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"Older people should be able to make the same choices about managing their money as the rest of the adult population."

09 May 2016 comments on Nationwide increasing their maximum mortgage age to 85

Commenting on Nationwide increasing its maximum age limit for mortgages to 85,'s head of money, Matt Sanders, said: "This is positive move from Nationwide but mainstream lenders need to go further. If a borrower can show that they can afford mortgage repayments, their age should be immaterial. There are plenty of baby boomers with reasonably generous final salary pensions who can afford to carry some debt in their retirement and many more will be choosing to work for longer too, not only because they have to, but because they want to.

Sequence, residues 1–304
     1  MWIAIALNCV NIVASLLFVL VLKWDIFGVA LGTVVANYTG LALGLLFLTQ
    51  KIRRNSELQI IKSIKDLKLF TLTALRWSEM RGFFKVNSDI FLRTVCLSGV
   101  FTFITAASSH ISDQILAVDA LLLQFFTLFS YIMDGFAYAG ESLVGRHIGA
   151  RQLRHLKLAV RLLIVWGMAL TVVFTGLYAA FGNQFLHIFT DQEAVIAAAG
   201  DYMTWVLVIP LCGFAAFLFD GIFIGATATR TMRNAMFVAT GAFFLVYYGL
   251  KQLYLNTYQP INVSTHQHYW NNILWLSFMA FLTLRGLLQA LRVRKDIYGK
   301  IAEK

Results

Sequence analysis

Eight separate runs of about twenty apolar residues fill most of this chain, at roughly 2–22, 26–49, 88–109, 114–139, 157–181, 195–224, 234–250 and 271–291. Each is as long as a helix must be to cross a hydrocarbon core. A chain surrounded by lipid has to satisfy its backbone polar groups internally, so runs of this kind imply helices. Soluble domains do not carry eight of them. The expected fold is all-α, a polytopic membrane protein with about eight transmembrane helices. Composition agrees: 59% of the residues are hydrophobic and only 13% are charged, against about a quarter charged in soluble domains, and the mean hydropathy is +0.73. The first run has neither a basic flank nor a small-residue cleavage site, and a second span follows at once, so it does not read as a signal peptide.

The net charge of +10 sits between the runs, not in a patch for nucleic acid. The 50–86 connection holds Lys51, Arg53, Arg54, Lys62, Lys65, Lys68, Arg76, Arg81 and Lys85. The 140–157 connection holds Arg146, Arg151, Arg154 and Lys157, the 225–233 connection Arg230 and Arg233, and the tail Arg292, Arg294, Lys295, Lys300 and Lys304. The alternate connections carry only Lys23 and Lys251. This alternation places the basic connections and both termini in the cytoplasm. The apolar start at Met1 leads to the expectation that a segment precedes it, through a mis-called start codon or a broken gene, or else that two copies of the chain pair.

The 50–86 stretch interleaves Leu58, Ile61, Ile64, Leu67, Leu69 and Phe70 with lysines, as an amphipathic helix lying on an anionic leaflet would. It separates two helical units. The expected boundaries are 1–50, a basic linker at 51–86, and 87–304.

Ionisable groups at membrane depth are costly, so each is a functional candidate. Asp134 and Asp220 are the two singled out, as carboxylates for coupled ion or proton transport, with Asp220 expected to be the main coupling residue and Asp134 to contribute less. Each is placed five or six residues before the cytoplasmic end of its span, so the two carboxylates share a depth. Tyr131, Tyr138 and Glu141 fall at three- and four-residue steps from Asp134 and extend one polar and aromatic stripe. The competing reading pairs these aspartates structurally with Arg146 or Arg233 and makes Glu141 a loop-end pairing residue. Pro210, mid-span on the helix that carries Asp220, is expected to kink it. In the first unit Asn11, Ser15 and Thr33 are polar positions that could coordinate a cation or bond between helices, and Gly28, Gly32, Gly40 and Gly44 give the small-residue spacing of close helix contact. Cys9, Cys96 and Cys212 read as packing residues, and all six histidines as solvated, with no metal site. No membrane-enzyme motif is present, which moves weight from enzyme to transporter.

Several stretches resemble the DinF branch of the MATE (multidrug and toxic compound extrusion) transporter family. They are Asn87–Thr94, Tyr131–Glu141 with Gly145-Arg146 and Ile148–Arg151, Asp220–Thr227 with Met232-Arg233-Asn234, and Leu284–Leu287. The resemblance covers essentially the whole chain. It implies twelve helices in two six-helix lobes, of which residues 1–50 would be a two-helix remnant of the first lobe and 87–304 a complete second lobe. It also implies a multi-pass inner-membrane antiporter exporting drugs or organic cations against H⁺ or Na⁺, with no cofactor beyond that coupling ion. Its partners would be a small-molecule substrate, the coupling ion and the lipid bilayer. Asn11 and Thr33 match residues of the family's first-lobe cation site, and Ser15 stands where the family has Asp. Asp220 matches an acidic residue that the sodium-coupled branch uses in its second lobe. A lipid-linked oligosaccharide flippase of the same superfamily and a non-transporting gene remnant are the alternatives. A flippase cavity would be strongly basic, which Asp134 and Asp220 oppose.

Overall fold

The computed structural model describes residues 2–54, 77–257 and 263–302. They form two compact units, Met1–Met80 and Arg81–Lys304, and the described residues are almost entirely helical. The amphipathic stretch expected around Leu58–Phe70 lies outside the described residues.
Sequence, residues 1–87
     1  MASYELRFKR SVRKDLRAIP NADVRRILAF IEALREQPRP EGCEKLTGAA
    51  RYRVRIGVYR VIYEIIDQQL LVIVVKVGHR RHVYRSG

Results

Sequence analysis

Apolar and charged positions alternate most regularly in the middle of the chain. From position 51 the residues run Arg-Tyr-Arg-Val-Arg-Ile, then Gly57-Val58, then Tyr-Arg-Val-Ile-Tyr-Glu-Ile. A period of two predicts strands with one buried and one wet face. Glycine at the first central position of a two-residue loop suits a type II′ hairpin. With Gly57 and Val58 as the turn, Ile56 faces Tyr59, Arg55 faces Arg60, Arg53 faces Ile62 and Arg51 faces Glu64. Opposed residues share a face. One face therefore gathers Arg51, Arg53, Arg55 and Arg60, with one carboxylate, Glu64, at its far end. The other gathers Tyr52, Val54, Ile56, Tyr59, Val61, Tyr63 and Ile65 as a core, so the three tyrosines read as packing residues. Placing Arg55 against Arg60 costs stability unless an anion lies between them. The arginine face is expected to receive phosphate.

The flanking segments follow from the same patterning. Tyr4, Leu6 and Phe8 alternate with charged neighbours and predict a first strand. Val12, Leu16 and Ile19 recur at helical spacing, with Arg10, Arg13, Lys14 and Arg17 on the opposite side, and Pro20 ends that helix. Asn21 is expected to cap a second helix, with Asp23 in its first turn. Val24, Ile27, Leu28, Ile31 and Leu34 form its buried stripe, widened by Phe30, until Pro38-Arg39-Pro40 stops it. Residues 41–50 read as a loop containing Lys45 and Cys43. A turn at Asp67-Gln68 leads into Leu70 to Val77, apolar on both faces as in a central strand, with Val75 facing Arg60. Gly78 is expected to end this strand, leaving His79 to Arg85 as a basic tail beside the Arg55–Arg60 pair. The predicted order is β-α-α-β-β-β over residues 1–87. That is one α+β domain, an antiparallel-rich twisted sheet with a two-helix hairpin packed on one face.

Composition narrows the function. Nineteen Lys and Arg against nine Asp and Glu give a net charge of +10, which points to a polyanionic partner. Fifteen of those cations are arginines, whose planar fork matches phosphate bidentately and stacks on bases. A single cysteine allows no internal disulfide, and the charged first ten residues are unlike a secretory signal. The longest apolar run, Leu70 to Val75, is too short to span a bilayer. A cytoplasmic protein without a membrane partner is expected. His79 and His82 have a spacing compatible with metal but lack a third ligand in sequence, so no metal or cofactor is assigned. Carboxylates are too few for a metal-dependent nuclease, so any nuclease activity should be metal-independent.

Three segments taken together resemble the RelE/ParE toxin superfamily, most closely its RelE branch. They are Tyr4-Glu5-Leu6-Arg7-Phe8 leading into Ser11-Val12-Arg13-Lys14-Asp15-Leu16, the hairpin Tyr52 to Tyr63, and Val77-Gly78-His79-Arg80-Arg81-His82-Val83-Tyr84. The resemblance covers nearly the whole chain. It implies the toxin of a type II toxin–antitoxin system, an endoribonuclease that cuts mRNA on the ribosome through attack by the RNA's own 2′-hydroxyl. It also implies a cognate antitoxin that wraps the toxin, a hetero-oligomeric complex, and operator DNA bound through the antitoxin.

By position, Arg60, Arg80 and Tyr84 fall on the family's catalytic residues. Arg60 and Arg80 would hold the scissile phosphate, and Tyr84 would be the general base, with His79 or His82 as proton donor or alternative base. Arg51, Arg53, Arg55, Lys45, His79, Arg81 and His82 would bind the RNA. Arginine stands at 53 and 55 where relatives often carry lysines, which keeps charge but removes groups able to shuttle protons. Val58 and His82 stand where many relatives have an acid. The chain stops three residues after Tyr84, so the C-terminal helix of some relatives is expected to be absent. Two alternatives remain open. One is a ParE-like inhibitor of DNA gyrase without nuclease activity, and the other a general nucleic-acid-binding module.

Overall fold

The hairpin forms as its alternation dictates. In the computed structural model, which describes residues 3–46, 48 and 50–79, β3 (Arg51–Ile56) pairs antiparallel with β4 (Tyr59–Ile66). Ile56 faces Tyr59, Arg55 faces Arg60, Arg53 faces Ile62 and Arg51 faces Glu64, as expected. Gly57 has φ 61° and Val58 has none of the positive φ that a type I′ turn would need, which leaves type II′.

"Increasing the upper age limit for mortgages means that more older borrowers in their own homes will be able to move without having to drop a price bracket, or can consider re-mortgaging to get a better interest rate or release some equity in their home. Some may wish to consolidate other debts to reduce outgoings or to give some money to children and grandchildren. Older people should be able to make the same choices about managing their money as the rest of the adult population.

"The other effect of this change is that borrowers in their 40s and 50s will be able to take mortgages over longer terms, which will substantially reduce the monthly cost and help them to pass the stricter affordability criteria brought in by the Mortgage Credit Directive (MCD). The monthly cost of a £200,000 repayment mortgage taken over 35 years at an interest rate of 3% is approximately £770 per month compared to £948.00 per month over 25 years. Although the borrower may sell the property long before the 35 year term, the lower monthly cost saving of £178.00 could make the difference between qualifying for the mortgage in the first place and being declined."

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